Many are now requestioning all this and may be the questions themselves being asked can be a sign of renaissance..
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[*] posted on 7-7-2008 at 12:39 PM


Thanks for the links Alami. I've seen Forward Music before and I really like the site - have to go back and follow it up.

You obviously know a lot more about this than me, but I also had the impression that the modernising tendency that was so strong in the early 20thC (and the 1932 conference in particular) might have caused a lot of the malaise that people round here keep worrying about. It may particularly have given rise to this false dichotomy between modern and traditional. I remember reading that a lot of the tension was between Western & Arabic ethnomusicologists - the Westerners wanting to 'fossilise' and preserve the old music (we'd call them orientalists nowadays), the Orientals wanting to modernise and borrow from the West. The orientals won out, but a living school based on improvisation, as you put it, can do neither of these exclusively.
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[*] posted on 12-21-2009 at 10:21 AM


Thanks for the link ALAMI,

I bought the CD from ICOGNITO, and I'm listening to it right now :applause: Great to hear what I read ! But what I know about Mashshqa doesn't come directly from his work, I know Isis Fathallah reedited in Arab in 1996 and Ronzevalle gave a French translation in 1913 and Eli Smith an English one in 1849. I can't read Arabic : Where could I find the English or French translation ? Any idea ? I used Google without so much success...
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[*] posted on 12-25-2009 at 01:18 AM


Glad you liked the CD. I was trying to get in contact with Nidaa Abu Mrad to see if I can get the notations for these interesting maqams, sorry I have no idea regarding the translations of Mashaqaa, may be through some academic channel with the Atonine University or L'Universite Saint Esprit - Kaslik (USEK) those 2 universities have the most active music departments.

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[*] posted on 12-25-2009 at 01:37 AM


BTW I got recently a new double CD by Al Kindi Ensemble: Parfums Ottomans (Ottoman Fragrances) and was surprised to discover that the booklet has the full notations for many pieces and samaiis inside, a nice added value.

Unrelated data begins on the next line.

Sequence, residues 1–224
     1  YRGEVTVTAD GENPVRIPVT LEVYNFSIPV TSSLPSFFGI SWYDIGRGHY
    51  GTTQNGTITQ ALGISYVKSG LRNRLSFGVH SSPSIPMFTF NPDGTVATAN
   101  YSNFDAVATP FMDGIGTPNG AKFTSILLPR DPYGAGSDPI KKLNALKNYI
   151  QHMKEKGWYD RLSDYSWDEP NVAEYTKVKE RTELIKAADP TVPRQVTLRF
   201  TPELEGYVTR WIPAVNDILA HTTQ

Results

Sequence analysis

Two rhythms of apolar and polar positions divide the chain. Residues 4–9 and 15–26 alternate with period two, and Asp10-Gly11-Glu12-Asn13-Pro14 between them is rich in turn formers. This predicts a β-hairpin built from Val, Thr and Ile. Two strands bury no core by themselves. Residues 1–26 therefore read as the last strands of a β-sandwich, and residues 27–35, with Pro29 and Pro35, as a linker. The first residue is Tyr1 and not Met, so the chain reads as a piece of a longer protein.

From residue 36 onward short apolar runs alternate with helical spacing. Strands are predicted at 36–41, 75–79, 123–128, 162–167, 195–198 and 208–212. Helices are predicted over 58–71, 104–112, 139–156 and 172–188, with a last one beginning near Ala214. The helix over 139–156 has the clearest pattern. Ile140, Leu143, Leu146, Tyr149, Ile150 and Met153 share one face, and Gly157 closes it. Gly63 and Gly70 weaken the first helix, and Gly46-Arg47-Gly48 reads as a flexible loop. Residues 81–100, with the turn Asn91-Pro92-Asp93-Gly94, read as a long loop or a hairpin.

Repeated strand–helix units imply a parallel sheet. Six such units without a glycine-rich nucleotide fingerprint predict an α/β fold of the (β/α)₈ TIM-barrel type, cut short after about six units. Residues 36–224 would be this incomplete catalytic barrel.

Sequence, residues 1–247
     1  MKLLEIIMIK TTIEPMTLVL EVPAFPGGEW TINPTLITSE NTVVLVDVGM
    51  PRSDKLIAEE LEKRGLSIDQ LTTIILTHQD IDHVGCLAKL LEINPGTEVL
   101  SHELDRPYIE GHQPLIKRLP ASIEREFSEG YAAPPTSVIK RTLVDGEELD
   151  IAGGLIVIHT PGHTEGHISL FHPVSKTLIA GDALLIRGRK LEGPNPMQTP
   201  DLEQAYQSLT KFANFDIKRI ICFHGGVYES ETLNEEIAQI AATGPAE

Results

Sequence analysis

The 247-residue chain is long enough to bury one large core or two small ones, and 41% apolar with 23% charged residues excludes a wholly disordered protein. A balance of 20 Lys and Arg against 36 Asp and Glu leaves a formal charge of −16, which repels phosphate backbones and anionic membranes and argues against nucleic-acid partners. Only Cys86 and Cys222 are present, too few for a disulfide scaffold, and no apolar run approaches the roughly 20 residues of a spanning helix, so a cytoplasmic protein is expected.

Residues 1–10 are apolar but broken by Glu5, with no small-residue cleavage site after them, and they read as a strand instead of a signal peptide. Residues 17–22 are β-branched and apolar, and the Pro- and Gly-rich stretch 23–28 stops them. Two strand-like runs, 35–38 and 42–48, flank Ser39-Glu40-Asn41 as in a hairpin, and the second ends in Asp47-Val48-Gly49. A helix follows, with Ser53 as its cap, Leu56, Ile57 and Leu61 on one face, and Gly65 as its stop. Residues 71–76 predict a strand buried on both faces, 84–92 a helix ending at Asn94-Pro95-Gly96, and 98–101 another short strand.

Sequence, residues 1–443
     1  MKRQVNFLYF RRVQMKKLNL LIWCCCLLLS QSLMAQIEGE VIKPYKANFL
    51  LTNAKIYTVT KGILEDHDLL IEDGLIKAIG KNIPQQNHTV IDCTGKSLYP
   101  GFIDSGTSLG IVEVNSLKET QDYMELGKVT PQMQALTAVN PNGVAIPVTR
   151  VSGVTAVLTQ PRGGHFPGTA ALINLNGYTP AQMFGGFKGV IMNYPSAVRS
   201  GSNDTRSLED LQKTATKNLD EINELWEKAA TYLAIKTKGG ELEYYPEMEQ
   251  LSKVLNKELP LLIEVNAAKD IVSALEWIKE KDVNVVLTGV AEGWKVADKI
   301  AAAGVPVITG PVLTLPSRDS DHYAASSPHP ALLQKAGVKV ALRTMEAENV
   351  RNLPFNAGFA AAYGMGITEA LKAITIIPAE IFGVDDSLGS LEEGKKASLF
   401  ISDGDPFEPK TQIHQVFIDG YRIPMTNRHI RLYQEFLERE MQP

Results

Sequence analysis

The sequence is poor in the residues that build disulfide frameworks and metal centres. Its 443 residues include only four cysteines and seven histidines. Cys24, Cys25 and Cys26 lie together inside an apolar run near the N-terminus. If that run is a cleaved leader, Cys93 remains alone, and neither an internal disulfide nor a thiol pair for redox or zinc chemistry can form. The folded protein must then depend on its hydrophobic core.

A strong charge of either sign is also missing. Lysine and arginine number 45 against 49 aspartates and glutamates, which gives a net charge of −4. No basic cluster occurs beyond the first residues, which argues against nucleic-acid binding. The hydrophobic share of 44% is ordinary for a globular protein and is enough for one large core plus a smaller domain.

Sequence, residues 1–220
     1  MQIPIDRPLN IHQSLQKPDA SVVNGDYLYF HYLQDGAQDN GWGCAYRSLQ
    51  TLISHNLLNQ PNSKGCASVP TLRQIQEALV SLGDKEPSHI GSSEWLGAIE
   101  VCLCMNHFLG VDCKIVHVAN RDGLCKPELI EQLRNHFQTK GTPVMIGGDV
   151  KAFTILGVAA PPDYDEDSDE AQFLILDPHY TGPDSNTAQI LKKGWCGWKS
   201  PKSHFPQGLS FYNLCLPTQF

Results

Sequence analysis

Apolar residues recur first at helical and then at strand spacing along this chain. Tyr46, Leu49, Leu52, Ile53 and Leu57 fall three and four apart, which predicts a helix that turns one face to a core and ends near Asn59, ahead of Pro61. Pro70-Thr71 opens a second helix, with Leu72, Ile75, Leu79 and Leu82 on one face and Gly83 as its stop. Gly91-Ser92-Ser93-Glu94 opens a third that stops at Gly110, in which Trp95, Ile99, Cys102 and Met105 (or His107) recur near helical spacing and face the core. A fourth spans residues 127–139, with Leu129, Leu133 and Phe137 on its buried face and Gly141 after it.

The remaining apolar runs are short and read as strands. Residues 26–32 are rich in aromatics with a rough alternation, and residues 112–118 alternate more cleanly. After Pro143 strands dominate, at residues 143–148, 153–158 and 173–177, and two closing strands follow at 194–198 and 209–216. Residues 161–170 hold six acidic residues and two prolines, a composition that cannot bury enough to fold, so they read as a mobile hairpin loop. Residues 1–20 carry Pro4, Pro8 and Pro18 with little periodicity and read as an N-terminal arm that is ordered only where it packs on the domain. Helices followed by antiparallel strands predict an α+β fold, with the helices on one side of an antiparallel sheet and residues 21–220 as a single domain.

more infos :

http://www.alkindi.org/anglais/repertoire_us/repertoire_arabo-turqu...
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[*] posted on 12-25-2009 at 11:34 AM


Quote: Originally posted by ALAMI  
I was trying to get in contact with Nidaa Abu Mrad to see if I can get the notations for these interesting maqams


Hello ALAMI,

In fact you're looking for the same thing like me : Mashshqa wrote 95 short "model-melodies", the maqam in its old meaning, before scales... Nidaa Abu Mrad just illustrates it in music !

For example :

"For maqam Rast, Mashaqah writes :

It sounds the not Rast, then Dukah and in this fashion ascends to Nawa, then it returns to Rast, then strikes Yakah and stops on Rast. (1913:90)"

So really different from : C D E-b- F G A B-b- c !

I'll check out if I can join the Atonine University or L'Universit Saint Esprit.

Thanks for your feedback on Al Kindi, I always enjoy their work :)

Edit :

Might have a misunderstanding about "notation", do you mean the scales of the maqamat or the transcriptions of the different pieces ?
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David.B
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[*] posted on 12-25-2009 at 01:26 PM


Quote: Originally posted by ALAMI  
He was the firstto classify maqams according to their fundemental notes. His treatise gathers also 95 "model-melodies" of the levantine musical tradition in the early 19th century.

The work of Mashaka was transcripted by Dr Nidaa Abou Mrad and performed by himself with the Arabic Classical Music Ensemble of the Antonine University.

This Cd is a first release covering the first 47 modes played by Nidaa Abou Mrad on violin and under his direction with Mustapha Said on oud and Maria Makhhoul on Qanun.


Of course you know what I wrote... So you're talking about the transcriptions. Sorry I forgot the whole thread before I answered.
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David.B
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[*] posted on 6-11-2010 at 09:20 AM


"Vol. 1" is written on the Cd. Does anyone know about a "Vol. 2" ?

If you're looking for the treatise quoted above :

http://www.mikeouds.com/messageboard/viewthread.php?tid=10782